What are 'Affiliated Companies'

Affiliated companies are, in general, companies in which the parent company owns less than 50% interest. In other words, the parent company is a minority shareholder.

More loosely, the term "affiliated companies" is sometimes used to refer to companies that are related to each other in some way. For example, Bank of America has numerous affiliated companies, including Banc of America, US Trust, Landsafe, Balboa, and Merrill Lynch.

BREAKING DOWN 'Affiliated Companies'

Affiliates are a common way for parent businesses to enter foreign markets while keeping a minority interest in a business that it no longer wishes to be the majority owner of. For example, consumer goods company Unilever is a British-Dutch company that has an Indian subsidiary called Hindustan Unilever as well as an affiliate in the United States called Slim-Fast.

There is no single bright-line test to determine if one company is affiliated to another. In fact, the criteria for affiliation changes from country to country, state to state and even between regulatory bodies. For example, companies that the Internal Revenue Service (IRS) considers to be affiliated may not be considered affiliated by the Securities and Exchange Commission (SEC).

An affiliate lies in contrast to a subsidiary, which is usually more than 50% owned by its parent; the parent is a majority shareholder.

Tax Consequences

In nearly all jurisdictions, there are important tax consequences for affiliated companies. In general, tax credits and deductions are limited to one affiliate in a group, or a ceiling is imposed on the tax benefits that affiliates may reap under certain programs. Determining whether companies in a group are affiliates, subsidiaries, or associates is done using a case-by-case analysis by local tax experts.

In the United States, for example, the Affordable Care Act contains provisions to the effect that certain affiliated employers with common ownership or part of a controlled group must aggregate their employees to determine their workforce size. These concepts are sometimes difficult to apply in practice and must be analyzed in detail by all concerned parties.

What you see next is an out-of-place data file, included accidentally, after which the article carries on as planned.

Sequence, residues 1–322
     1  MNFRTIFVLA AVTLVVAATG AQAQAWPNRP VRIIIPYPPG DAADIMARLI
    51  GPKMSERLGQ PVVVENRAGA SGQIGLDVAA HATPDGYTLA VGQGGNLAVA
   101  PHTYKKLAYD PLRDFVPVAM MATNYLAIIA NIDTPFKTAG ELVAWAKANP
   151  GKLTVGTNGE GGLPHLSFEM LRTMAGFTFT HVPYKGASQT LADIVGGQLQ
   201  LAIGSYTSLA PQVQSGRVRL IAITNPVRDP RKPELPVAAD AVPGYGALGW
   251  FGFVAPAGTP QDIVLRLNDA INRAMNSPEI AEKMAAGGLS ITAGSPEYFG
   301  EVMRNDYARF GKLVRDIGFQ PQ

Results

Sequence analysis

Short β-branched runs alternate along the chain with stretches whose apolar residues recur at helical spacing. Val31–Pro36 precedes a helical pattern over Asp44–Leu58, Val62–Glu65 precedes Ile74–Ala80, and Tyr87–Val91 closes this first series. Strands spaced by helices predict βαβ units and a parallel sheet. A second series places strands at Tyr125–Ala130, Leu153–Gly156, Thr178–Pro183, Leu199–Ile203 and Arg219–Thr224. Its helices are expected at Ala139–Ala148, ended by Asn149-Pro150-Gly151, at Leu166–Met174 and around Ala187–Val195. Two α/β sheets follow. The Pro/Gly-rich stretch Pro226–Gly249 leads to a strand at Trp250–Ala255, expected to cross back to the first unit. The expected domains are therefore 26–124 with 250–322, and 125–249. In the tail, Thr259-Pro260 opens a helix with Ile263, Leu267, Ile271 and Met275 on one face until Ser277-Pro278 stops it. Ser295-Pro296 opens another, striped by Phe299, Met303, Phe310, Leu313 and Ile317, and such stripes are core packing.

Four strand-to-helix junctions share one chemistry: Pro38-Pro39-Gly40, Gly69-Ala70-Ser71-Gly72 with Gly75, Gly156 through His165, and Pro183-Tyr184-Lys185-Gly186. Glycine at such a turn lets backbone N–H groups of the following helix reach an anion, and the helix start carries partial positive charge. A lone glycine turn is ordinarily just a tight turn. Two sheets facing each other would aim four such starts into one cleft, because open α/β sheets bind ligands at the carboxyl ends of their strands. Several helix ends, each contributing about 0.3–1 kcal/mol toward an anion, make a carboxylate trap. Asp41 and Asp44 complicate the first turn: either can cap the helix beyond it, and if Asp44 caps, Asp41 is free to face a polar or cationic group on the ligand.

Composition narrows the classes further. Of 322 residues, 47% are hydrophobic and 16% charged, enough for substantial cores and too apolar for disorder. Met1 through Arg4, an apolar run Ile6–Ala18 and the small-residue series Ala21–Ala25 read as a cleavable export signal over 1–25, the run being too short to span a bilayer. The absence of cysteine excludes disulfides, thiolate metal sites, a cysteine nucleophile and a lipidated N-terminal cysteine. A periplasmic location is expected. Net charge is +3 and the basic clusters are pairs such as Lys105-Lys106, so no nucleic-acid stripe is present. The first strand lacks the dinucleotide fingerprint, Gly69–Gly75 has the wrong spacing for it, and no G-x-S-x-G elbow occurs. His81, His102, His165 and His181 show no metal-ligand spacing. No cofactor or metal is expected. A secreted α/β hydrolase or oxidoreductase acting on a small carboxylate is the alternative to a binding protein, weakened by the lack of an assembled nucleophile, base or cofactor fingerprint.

SEC Rules

Securities markets around the world have rules that concern affiliates of the businesses they regulate. Here again, these are complex rules that need to be analyzed by local experts on a case-by-case basis. Examples of rules enforced by the SEC are:

• Rule 102 of Regulation M prohibits issuers, selling security holders, and their affiliated purchasers from bidding for, purchasing, or attempting to induce any person to bid for or purchase, any security which is the subject of a distribution until after an applicable restricted period has passed.

• Before disclosing nonpublic personal information about a consumer to a nonaffiliated third party, a broker-dealer must first give a consumer an opt-out notice and a reasonable opportunity to opt out of the disclosure.

• Broker-dealers must maintain and preserve certain information regarding those affiliates, subsidiaries, and holding companies whose business activities are reasonably likely to have a material impact on their own finances and operations.

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